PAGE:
<div>Contributed By: <a href="http://carloscds.net/" target="_blank">Carlos dos Santos</a></div> <div>Published on: 2020-02-27</div>
Entity Framework Core Dependency Injection with EF Core
In the last article in this series, I will show you two straightforward things: first, how to use the EntityFramework Core in memory and how to invoke an injected dependency without using the class constructor!
But why wouldn't you inject the dependency on the constructor, as I showed in the previous articles? Well, sometimes, it is necessary to use alternative mechanisms to simplify the development and have access to the objects!
For many years I wrote about EF, but as there was a long delay in the development of EF Core, I ended up using other ORMs in my projects. But now EF Core is fascinating, and I went back to using it on a massive project!
So, I decided to complement this series by showing an extremely useful feature of EF Core, which is the in-memory database.
But why so useful? Imagine that you develop using a "development" database or even local on your machine, which is perfectly normal. Still, over time this database can get "dirty," or with "bad" data, so we have to clean and start all over again.
Then think that you can keep an entire database in memory, performing the same operations that you would do in the typical database, but without saving anything anywhere except in the memory.
This feature is very valuable for unit tests, and I really hope you are writing tests!
For this example we are going to create an ASP.NET Core WebAPI project.
Creating the EF Core Context
The first thing we will do is create a class (table) and the context.
We will have a simple
Client class :
Now let's get to the
Our context has nothing much, except a
SeedData() method that I am using to fill the
Client table in memory.
Remember that I am using a memory database, so to have data, I need to fill this database when I start the context!
Now let's configure the services in the Startup class:
See that we are adding a context with the option
To use this method, you will need the following Entity packages:
InMemory package allows you to have a database in memory. See that you can exchange
UseSqlServer() or any other database provider, and everything is still working!
When I write unit tests, I create an
InMemory() context, and in the real application, I use a database! That makes my job much easier!
So we are injecting an Entity Framework context into our project through
AddDbContext(), and also two other classes:
IEnvioEmail), using Singleton and Scoped, which I showed in the previous article.
IHttpContextAccessor allows us to access the ASP.NET Core Http Context anywhere it is injected, and
IEnvioEmail is an example class that I created to simulate the sending of email.
See here the interface
IEnvioEmail and the class
This class "simulates" sending an email, I imagine you will implement a real class for this!
Working with Injection in the Controller
Now that we have our environment set up, let's create a controller to work with this data. We will create
ClientController.cs, which will have two actions:
Get() to bring all customers and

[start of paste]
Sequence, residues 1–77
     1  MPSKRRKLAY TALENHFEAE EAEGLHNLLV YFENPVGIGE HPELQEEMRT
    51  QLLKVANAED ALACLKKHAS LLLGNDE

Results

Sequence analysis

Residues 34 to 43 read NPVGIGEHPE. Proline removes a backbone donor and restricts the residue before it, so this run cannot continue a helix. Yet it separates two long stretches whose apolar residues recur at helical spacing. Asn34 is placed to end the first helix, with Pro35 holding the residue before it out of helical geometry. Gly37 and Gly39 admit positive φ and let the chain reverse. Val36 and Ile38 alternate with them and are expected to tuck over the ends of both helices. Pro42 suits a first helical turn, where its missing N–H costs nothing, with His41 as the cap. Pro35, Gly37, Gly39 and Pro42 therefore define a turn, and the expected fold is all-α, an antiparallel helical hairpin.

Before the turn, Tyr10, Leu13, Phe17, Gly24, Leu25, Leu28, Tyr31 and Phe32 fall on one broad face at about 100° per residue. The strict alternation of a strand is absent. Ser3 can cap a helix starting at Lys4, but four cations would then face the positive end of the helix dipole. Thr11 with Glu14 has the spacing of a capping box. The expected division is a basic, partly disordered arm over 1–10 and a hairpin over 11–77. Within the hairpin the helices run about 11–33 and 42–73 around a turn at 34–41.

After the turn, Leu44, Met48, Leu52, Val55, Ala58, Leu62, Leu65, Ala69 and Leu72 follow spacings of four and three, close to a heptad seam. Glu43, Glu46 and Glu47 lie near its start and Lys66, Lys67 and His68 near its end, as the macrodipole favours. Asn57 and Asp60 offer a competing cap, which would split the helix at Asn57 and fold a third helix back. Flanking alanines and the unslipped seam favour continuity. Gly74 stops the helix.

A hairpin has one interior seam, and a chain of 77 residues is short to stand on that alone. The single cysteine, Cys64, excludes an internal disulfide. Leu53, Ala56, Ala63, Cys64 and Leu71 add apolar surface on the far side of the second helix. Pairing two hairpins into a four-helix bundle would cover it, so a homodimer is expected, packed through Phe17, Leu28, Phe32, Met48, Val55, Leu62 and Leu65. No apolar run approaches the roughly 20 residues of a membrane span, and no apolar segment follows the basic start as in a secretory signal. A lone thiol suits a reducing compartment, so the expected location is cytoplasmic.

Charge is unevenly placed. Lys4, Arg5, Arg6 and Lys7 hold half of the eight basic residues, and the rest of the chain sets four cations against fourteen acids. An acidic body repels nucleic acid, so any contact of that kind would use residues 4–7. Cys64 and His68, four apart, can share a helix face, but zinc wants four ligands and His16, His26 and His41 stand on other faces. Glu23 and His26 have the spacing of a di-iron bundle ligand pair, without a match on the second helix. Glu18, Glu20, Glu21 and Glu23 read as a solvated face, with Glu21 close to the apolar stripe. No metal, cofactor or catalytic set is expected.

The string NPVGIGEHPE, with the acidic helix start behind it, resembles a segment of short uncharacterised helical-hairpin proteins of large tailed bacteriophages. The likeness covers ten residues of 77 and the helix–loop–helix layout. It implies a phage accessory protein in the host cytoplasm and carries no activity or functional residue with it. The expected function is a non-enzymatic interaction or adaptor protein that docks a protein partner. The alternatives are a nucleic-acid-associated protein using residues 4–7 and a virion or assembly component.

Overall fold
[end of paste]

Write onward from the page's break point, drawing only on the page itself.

Email() to "simulate" the sending of email.
Let's go to the code:
Okay, we have a lot of things going on here, and I will explain:
In the controller constructor we are receiving some objects by injection:
ILogger logger= ASP.NET Core log
AplicacaoContext db= Entity Framework context
IHttpContextAccessor httpContextAccessor= Http Context of the application
All are assigned to variables within the controller. So let's go to the methods that interest us.
Get() method returns all database customers, which in our case are only in memory!
The other method,
Email(), is the one that we are going to show the "invocation" of a dependency without the constructor.
Understanding the scenario
That is more common than you think! In our project, we need to send an email, and the email class is in dependency injection (we set it up in
Startup.cs), but we don't put it in the controller constructor because it's a little-used method, and in this case, it doesn't justify it hypothetically! Or it is simply injected into another class, which is even more common! In any case, we do not have this class directly available.
So, let's "materialize" the object, looking for it in the dependency injector, see how simple it is:
var email = _httpContextAccessor.HttpContext.RequestServices.GetService<IEnvioEmail> ();
_httpContextAccessor is the application's Http context, which has
Request, which is the request for the page.
RequestServices.GetServices<IEnvioEmail>() which basically "asks" for the dependency injector to "give" us the object corresponding to the
That is very cool because you are "injecting" an object by hand. You are taking an object that is already created and bringing it to the variable
And now, let use the email!
Running the application, we will have the following result:
Now calling the email:
The dependency injection mechanism allows us to simplify development greatly! But use with care, as everything in excess is harmful!
Special thanks to my friend Rafael Almeida, with whom I "argue" frequently about EntityFramework!!! These discussions have already generated improvements in EF Core, such as
As always, the example code is on my Github.
Hugs, and see you soon!